• Pawing or scratching at their mouths consistently
  • Unexplained lumps or growths on the gums
  • Broken and discolored teeth

You want to tackle dental problems before they progress. By contacting your veterinarian as soon as you become aware of your dog’s symptoms you are more likely to resolve the problem before it becomes a major problem for your dog’s comfort and your wallet.

If you haven’t had your pup’s teeth checked in the past year or longer, schedule an appointment to get them on the path to lifelong oral health.

Schedule Your Pet’s Dental Cleaning

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How to Get a Sick Dog to Eat

By Dogs One Comment

Methods for Feeding a Sick Dog | Foods to Feed a Sick Dog | FAQs | What to Do After 48 Hours

Just like humans, a dog can lose their appetite when they’re ill. For this reason, a sick dog may refuse food. One missed meal generally isn’t much to worry about. But if your dog continues to refuse food, you may want to determine the cause.

Why Does a Dog Lose Their Appetite?

The most common reasons a dog will lose their appetite are:

  • Illness
  • Infection
  • Disease
  • Recovering from surgery
  • Mourning a death
  • Aging
  • Stress

When Should You Contact Your Vet?

If your dog exhibits any of the following symptoms in conjunction with a lose of appetite you should contact your veterinarian as soon as possible for an examination and potential testing:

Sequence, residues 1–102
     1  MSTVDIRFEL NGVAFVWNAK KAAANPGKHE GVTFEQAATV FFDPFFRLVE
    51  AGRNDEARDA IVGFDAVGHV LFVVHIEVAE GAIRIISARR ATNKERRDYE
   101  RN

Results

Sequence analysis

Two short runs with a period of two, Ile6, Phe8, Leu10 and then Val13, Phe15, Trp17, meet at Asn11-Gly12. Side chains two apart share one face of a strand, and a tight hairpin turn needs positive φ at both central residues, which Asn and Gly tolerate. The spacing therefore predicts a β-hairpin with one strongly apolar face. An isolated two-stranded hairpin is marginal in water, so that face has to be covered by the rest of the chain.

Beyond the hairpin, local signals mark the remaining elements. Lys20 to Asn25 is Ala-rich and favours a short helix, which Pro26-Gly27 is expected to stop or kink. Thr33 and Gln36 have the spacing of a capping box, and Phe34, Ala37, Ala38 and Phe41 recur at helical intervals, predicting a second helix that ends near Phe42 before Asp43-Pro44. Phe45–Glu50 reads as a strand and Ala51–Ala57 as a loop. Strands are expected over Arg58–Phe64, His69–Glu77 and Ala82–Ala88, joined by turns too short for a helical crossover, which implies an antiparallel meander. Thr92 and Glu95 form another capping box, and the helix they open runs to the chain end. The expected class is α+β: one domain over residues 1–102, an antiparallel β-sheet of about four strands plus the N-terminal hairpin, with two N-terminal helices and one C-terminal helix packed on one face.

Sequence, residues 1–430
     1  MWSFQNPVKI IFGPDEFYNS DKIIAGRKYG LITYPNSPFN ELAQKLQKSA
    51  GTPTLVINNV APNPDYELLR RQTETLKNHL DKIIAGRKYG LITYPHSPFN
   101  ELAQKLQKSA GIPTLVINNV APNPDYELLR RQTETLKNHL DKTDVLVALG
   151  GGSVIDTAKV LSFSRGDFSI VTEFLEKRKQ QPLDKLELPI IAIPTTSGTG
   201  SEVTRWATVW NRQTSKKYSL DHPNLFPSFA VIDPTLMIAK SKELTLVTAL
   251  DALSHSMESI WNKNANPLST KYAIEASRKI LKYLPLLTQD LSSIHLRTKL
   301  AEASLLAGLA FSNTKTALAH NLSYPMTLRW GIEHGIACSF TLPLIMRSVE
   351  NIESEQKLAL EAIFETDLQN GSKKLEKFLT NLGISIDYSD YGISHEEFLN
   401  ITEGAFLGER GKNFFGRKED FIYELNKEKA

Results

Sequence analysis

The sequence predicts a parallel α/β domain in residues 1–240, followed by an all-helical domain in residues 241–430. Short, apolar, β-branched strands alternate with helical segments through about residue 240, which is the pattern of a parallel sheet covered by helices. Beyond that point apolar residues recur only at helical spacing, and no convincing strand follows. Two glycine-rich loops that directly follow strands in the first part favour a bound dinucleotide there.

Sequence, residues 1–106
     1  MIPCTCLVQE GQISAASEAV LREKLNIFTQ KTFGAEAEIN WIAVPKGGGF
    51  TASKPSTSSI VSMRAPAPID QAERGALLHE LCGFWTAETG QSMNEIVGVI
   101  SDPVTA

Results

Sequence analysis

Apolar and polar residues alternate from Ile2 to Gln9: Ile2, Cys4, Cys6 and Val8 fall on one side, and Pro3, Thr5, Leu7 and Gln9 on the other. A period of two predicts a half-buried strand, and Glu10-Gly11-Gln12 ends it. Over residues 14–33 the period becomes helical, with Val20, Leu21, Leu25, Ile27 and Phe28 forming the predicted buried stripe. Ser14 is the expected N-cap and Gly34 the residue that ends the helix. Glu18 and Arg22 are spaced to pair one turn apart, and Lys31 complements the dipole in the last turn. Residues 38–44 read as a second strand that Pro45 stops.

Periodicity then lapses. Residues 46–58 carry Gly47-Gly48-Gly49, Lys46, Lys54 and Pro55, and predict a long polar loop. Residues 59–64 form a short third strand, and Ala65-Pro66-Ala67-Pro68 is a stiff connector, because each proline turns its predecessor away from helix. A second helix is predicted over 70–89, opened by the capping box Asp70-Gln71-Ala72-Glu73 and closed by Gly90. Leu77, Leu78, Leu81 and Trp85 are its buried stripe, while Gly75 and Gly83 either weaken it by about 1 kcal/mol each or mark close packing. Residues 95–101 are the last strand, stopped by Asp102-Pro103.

• Vomiting
  • Lethargy
  • Weight loss
  • Diarrhea
  • Gagging
  • Wheezing
  • Coughing

Methods for Feeding a Sick Dog

Sick lab on white couch

There are several different methods available for trying to get your dog to eat. Which method works best will depend on your dog. If the first method doesn’t work, keep trying new ones until you find a method that works for both you and your dog.


If your dog won’t eat, the first step is to allow them some time. Dogs can go for a few days without eating anything. Just be sure they are drinking water. It is normal for a dog to turn down one meal every once in a while. Dogs, just like people, aren’t always hungry. You may want to leave your dog’s food out for them to graze on throughout the day as they become hungry.

Give Your Dog a Treat

If your dog hasn’t been feeling well, you could try treating your dog with food they don’t normally get. Human food like chicken or even baby food may be so irresistible that your dog will actually eat something. Try just a small amount of human food at first to see if they will eat. If not, try adding a bit more.